An important column in today’s Carolina Journal from Locke Foundation president John Hood, arguing that Governor Easley “has a significant public-relations problem on his hands,” though he might not “fully comprehend its magnitude.”
Hood took note of Easley’s comments at NYU Law School, revealed on Saturday in a Neff/Niolet N&O article: that Nifong had promised not to run if appointed (an assertion reinforced by the language used in Nifong’s appointment announcement); that Nifong’s pre-primary publicity barrage was improper; that Nifong’s behavior “looks bad for North Carolina. It looks bad for the DA’s office. It looks bad for the criminal justice system in general.”
The problem, Hood correctly points out:
As far as we know, the governor didn’t attempt to rein Nifong in. A former prosecutor himself, Easley seems never to have intervened to encourage theNot an impressive performance, to put it mildly.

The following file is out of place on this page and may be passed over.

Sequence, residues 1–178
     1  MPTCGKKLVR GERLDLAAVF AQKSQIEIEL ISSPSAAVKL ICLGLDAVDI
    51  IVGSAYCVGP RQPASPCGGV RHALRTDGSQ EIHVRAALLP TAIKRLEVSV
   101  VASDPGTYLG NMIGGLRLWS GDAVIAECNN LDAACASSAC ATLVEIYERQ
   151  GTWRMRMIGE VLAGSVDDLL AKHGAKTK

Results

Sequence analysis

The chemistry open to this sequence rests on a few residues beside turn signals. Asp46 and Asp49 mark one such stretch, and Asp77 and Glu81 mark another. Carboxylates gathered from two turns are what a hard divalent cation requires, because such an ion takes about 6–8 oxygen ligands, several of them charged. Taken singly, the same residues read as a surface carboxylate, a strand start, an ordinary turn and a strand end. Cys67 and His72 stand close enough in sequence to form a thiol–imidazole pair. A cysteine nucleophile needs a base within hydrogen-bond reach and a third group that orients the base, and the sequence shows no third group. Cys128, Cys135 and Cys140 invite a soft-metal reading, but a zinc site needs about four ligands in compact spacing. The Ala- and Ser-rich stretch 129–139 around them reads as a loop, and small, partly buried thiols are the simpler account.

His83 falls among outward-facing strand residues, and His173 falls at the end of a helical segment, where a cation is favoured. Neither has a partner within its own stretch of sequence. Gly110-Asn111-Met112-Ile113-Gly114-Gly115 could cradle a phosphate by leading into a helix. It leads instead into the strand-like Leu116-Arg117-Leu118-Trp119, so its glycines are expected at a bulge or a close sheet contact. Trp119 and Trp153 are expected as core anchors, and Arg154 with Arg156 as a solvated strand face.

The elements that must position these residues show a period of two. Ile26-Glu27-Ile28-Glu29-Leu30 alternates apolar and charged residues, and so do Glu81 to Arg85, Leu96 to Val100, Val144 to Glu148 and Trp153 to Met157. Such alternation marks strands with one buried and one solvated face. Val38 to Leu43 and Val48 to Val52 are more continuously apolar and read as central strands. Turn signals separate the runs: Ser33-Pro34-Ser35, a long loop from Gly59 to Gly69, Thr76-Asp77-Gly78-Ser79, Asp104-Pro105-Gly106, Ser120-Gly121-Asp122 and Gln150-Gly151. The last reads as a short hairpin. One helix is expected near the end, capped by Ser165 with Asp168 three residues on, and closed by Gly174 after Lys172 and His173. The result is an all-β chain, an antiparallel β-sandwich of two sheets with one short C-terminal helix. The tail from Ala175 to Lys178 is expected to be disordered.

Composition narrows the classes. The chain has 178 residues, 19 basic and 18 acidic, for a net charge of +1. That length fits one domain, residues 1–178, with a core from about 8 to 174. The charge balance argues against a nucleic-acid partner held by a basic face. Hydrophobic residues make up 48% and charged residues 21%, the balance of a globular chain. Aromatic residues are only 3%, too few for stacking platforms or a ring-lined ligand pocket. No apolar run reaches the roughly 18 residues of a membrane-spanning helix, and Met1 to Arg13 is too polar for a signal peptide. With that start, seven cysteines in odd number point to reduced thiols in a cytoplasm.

office to do its job properly. When the case took a turn for the outrageous, he didn’t ask for Nifong’s resignation. Durham
What’s worse, when Nifong filed to run for DA last year and drew a strong challenge from Freda Black, Easley didn’t bother to mention that Nifong had lied to him about his political intentions. Democratic primary voters might well have valued that piece of information. By the fall, when Nifong’s malfeasance was clearly evident, Easley made no move to set the record straight. He did nothing.